‘An outstanding ambassador for British design and construction’: Grimshaw looks towards the world
The International Terminal Waterloo changed everything for Grimshaw. The practice won this plum job in the late 1980s not least because British Rail had sent a delegation to its ambitious 1988 Product + Process exhibition at the RIBA, and liked what it saw. The project catapulted the practice from a group of around a dozen people working mainly on the urban fringes to a large firm clearly capable of demanding and prestigious city-centre projects. Its construction cost was £120 million, probably at least £500 million at today’s construction prices. ‘This must be one of the most exciting commissions in Europe today’ ran BR’s invitation to submit. Grimshaw was selected from 10 practices.
Built very rapidly, it was completed a year before the Channel Tunnel trains started running, and served as the London international terminal from 1994 to 2007, when the new high-speed line into St Pancras International opened.
A building with a thoroughly sustainable and eye-catching cooling system: a glass facade with water running continually down it, then turning into a curtain of cooling water for those queuing outside
Subsequently mothballed, with uses including a temporary theatre and overspill platforms, the International Terminal finally reopened in December 2018 as a full part of Waterloo Station. It is being adapted – unfortunately by others – as a shopping centre on the levels below the tracks.
As a typology this building clearly played to Grimshaw’s strengths, its form an asymmetric reinterpretation of 19th century trainsheds and glasshouses. As with those, a collaborating structural engineer was key: in this case Tony Hunt helped realise the concept of the sequence of arches as an outspread skeletal hand. At first a similar structural arrangement was proposed for what became the Eden Project in Cornwall, best-known of the practice’s ‘millennium projects’, until that morphed into the now-familiar interlinked geodesic domes clad in inflated ETFE pillows – see Grimshaw in the 2000s.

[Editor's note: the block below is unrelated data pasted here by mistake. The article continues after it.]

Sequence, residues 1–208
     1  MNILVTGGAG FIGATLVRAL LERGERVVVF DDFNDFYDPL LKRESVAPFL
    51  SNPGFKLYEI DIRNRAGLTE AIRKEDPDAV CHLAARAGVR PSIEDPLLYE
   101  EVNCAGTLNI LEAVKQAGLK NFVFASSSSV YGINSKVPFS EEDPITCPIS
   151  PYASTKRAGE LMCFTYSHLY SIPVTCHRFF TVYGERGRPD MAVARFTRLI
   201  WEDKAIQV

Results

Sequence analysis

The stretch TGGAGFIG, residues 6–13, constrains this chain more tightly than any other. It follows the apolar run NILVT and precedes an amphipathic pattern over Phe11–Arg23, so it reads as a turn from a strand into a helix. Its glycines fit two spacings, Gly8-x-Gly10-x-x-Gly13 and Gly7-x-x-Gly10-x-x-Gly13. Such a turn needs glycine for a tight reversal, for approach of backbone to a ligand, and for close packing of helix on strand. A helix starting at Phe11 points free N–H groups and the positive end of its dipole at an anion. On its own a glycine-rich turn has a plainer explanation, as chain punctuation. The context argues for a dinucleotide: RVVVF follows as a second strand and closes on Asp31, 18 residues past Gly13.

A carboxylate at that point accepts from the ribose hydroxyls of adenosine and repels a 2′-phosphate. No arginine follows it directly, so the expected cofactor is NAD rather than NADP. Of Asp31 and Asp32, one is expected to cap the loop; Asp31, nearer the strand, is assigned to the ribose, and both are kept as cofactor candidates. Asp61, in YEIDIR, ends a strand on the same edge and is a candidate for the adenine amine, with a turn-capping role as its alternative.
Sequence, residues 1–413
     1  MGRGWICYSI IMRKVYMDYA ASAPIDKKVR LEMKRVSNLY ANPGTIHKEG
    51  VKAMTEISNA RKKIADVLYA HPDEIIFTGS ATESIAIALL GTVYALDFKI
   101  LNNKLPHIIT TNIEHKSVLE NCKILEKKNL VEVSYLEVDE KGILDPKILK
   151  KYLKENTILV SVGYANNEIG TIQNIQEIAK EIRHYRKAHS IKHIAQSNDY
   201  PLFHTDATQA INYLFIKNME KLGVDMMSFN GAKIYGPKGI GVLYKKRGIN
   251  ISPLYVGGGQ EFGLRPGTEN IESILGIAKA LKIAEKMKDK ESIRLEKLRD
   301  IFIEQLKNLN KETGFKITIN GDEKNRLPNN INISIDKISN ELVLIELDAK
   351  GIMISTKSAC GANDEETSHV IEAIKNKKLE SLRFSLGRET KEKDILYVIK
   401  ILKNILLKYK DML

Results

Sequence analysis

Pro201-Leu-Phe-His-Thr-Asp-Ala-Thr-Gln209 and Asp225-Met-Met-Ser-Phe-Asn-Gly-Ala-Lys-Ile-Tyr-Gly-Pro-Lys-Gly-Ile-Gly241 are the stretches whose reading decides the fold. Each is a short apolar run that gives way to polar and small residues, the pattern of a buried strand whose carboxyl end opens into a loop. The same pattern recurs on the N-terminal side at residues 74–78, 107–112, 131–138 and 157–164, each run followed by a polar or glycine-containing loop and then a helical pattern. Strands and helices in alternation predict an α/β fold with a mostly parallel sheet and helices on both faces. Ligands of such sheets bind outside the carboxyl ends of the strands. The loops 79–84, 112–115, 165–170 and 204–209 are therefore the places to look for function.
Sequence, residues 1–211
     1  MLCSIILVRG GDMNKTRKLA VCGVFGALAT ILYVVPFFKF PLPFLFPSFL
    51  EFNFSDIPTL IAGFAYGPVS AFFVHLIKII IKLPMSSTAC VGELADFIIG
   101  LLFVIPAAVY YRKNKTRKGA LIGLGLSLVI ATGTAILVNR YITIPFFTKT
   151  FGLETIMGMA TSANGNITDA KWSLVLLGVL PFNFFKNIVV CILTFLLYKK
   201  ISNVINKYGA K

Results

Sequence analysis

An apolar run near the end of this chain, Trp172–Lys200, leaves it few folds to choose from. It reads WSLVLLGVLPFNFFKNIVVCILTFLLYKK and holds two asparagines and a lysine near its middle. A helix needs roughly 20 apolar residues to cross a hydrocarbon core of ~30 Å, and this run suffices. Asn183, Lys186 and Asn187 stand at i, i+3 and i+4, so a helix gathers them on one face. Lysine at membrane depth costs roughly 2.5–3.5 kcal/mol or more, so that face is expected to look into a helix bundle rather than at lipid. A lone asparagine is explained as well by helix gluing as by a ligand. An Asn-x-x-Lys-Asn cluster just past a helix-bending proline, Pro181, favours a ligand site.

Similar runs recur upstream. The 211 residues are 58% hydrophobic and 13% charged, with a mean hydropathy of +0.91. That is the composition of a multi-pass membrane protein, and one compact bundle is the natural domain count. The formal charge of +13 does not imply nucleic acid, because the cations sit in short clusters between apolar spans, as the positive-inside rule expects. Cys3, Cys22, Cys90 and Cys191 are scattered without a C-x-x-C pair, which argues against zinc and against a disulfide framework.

A key follow-up was the invitation to design the UK’s pavilion at Expo ’92 in Seville: so now the practice was representing the entire nation on a world stage. This punishingly hot location generated a building with a thoroughly sustainable and eye-catching cooling system: a glass facade with water running continually down it, then turning into a curtain of cooling water for those queuing outside. Done in collaboration with water sculptor William Pye, this was an early demonstration of low-energy credentials, powered by rooftop solar panels. Entirely prefabricated, the pavilion was also designed so that all its component parts could be reused.
This was the decade that overseas projects started to multiply. Ludwig Erhard Haus in Berlin, seeking maximum floorspace without going high, is made of a series of parabolic steel arches from which large office floorplates are suspended: a simple concept that was tricky to realise. Meanwhile a classically Grimshaw industrial building, the mast-supported Igus HQ and factory in Cologne, generated a rare commission for a one-off house for younger members of this family firm. The Spine House at Oberkühlheim is an orthogonal steel building split into two splayed halves by a central timber-clad spine – reminiscent of an aircraft fuselage – containing all the services. It culminates in a lookout deck to make the most the views from its hillside setting.
After Waterloo, transport projects became a staple of Grimshaw’s output, steadily increasing in scale
After Waterloo, transport projects became a staple of Grimshaw’s output, steadily increasing in scale. The practice was entrusted with large upgrades of Paddington Station and the rest of Waterloo, and won a significant airport project in Zurich. Back home, however, two projects in particular confirmed that Grimshaw was now accepted at the heart of British society: the Grand Stand at Lord’s Cricket Ground in London, and the Bath Spa project.
If the first is clearly enough a typical celebration of structure and componentry – the whole stand has only one central column, rising to a mast from which the spread wings of the roof are suspended – Thermae Bath Spa was a matter of conservation and adaptation as well as newbuild, making a modern spa using the same naturally occurring hot springs that first delighted the Romans, and later the Georgians. Close to the early Farrell/Grimshaw Partnership project of the riverside Herman Miller Factory, it is emblematic of how far the practice had moved by the turn of the millennium.
Grimshaw in the 1990s: a visual timeline